World Physical Therapy Day is a day to celebrate and appreciate the physical therapists (PTs)…
Jamie E. Collins, PhD (JEC)
Senior Statistician at OrACORe
Assistant Professor of Orthopedic Surgery
Harvard Medical School
Emma C. Lape (ECL)
ECL: Can you tell us about your new grant? What is the mechanism and goal of the award? What are the aims of your project?
JC: The Rheumatology Research Foundation has career development awards for junior investigators. The idea is to help them develop as researchers in a supportive environment. It’s great for me because this is my first grant, and hopefully it is a stepping stone to many more. As for the research focus itself, they are looking for innovative methods.
Specifically, my project aims to identify fast progressors in knee osteoarthritis. I’m using data from the Osteoarthritis Initiative (OAI), which is a large cohort study with about 5,000 subjects that was established to study the natural history of osteoarthritis (OA). The OAI collected a lot of data on these people—MRIs, x-rays, blood and urine samples, survey data. I will use statistical techniques to identify fast progressors. To give some context about the research question, there’s been a focus recently on how OA is a heterogenous disease. Not everyone with OA has the same amount or type of structural damage, or the same symptoms. And we want to know whether their disease progresses differently, as well. Can we really describe the trajectory of changes in OA with a one-size-fits-all approach? That’s the traditional approach—to model the trajectory of the group as a whole, and maybe identify baseline factors that make someone progress a little faster or a little slower. But we’re looking for subgroups whose progression is really different.
An extra wrinkle is that it’s hard to define progression, especially when some people have total knee replacement (TKR). They might have TKR precisely because they were progressing quickly, but now you’ve lost their data—there’s no knee left to study. So we have to figure out how to address that missing data, which connects to my thesis work on missing data. Maybe we can view TKR as a surrogate for poor outcomes.
ECL: So some of your previous research on missing data could end up being a crucial part of this project, too. In what other ways does this new grant connect to your previous work? Or does it take you in new directions?
JC: It actually combines two threads of my previous research. The first is my paper on pain trajectories (also in the OAI), and the second is my work on structural progression in those who undergo TKR. I’m now looking at both trajectories in the OAI and the issue of missing data due to TKR. It’s exciting because there is not a ton of work out there using latent growth curve models. So this is an interesting approach.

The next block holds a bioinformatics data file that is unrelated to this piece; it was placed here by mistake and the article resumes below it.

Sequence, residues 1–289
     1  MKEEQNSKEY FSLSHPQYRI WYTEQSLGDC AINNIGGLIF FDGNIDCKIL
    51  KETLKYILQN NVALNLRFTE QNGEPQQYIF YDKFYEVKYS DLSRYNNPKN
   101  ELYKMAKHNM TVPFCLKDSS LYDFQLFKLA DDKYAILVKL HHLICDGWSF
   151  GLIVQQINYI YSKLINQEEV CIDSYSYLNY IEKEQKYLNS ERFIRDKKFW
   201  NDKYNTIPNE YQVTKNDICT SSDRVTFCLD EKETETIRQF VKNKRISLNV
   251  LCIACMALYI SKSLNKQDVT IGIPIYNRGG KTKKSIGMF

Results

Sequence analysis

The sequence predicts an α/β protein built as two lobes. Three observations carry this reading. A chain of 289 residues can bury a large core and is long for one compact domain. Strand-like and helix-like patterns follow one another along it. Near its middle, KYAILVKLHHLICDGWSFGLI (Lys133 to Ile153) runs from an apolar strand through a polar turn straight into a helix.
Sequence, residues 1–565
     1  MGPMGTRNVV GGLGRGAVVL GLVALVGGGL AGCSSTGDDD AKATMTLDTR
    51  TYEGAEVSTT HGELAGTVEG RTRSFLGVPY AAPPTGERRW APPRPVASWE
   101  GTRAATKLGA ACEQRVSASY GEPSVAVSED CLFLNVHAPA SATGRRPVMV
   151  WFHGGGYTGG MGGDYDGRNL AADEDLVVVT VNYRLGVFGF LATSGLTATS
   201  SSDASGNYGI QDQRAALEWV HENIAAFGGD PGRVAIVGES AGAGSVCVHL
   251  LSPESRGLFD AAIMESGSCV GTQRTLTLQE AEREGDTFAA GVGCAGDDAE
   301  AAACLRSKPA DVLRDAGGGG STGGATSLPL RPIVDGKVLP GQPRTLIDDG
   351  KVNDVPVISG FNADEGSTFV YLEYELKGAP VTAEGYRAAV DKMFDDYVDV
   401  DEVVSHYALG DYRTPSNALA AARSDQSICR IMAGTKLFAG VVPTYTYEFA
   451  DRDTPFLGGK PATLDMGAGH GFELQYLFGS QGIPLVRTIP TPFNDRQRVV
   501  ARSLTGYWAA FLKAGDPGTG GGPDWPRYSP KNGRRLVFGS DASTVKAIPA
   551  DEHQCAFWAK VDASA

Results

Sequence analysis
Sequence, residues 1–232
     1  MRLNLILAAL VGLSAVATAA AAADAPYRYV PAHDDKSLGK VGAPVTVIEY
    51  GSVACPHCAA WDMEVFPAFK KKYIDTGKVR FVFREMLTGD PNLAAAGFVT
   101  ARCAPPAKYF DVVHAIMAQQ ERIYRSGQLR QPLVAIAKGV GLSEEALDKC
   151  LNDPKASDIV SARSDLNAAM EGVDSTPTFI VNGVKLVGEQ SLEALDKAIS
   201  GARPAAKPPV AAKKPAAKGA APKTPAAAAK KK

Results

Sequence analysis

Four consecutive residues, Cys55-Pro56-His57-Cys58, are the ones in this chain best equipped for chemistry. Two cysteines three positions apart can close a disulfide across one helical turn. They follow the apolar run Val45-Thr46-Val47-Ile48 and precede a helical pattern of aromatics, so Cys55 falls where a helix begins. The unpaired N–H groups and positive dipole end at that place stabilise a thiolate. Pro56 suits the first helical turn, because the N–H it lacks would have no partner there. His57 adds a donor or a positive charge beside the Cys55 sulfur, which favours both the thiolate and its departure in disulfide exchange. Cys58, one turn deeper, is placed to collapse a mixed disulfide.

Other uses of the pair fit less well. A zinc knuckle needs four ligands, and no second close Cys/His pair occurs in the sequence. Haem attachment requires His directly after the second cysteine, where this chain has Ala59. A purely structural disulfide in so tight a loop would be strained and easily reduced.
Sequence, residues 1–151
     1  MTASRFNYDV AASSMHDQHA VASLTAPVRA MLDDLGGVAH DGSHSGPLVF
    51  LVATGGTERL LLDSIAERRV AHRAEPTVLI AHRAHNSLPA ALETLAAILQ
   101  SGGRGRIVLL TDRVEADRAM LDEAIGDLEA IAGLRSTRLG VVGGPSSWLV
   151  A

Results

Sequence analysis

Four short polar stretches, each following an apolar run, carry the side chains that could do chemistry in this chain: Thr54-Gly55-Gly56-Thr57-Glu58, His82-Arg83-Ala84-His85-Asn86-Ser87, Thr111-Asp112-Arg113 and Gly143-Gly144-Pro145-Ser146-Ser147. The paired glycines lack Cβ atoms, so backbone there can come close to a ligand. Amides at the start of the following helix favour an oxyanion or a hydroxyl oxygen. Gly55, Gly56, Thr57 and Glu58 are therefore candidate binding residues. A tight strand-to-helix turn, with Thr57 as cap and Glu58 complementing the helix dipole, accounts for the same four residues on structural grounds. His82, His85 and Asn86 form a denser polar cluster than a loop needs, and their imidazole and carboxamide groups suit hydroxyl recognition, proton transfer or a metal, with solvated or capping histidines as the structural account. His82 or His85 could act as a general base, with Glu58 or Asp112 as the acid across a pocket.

ECL: To shift gears a little, could you tell me about your experiences at the recent OARSI meeting this past spring? A lot of OrACORe staff were there. What did you present on?
JC: The meeting was a lot of fun. I presented on a project using MeTeOR (Meniscal Tear in Osteoarthritis Research) data. The project deals with OA progression among MeTeOR subjects who had arthroscopic partial meniscectomy (APM) versus those who had only physical therapy. There have been suggestions that APM might speed up OA progression, but there was only observational data previously. So having a randomized trial comparing the surgery to PT was a great opportunity to study progression. Our results suggested that the APM group progressed a bit faster. But what counts as fast or slow progression? We know, for example, that being in the APM group gives you a higher odds of having an additional subregion in your knee with an osteophyte (bone spur). But we will want to know whether that’s associated with outcomes that matter to patients.
ECL: I also heard that you led a young investigators mentoring session. Can you tell me more about mentorship at OARSI and the role of more established investigators?
JC: I’m part of the Young Investigators Subcommittee of OARSI, which has about 10 members. We run several workshops during the conference, once of which this year was on social media. We could tweet and view each other’s tweets on a projector to discuss using social media in research. We also ran a mentoring session with about 175 people attending. We divided up by subject area (biomechanics, etc.) and by career specifics (manuscripts, grant-writing, etc.). Then we matched up mentors and mentees and gave everyone an hour to talk. The mentors are fantastic and invested in working with young investigators. And it was especially nice to see buy-in from top OARSI leadership—Dr. Katz, the current president, and OARSI’s president elect both attended as mentors.
A final observation from the close of the conference: The Year in Review is always the last session of the meeting, and they go through some of the year’s biggest research developments. A ton of work from OrACORe was featured, probably 6 or 7 papers, including OAPol projects and analyses using MeTeOR data. That was very cool to see.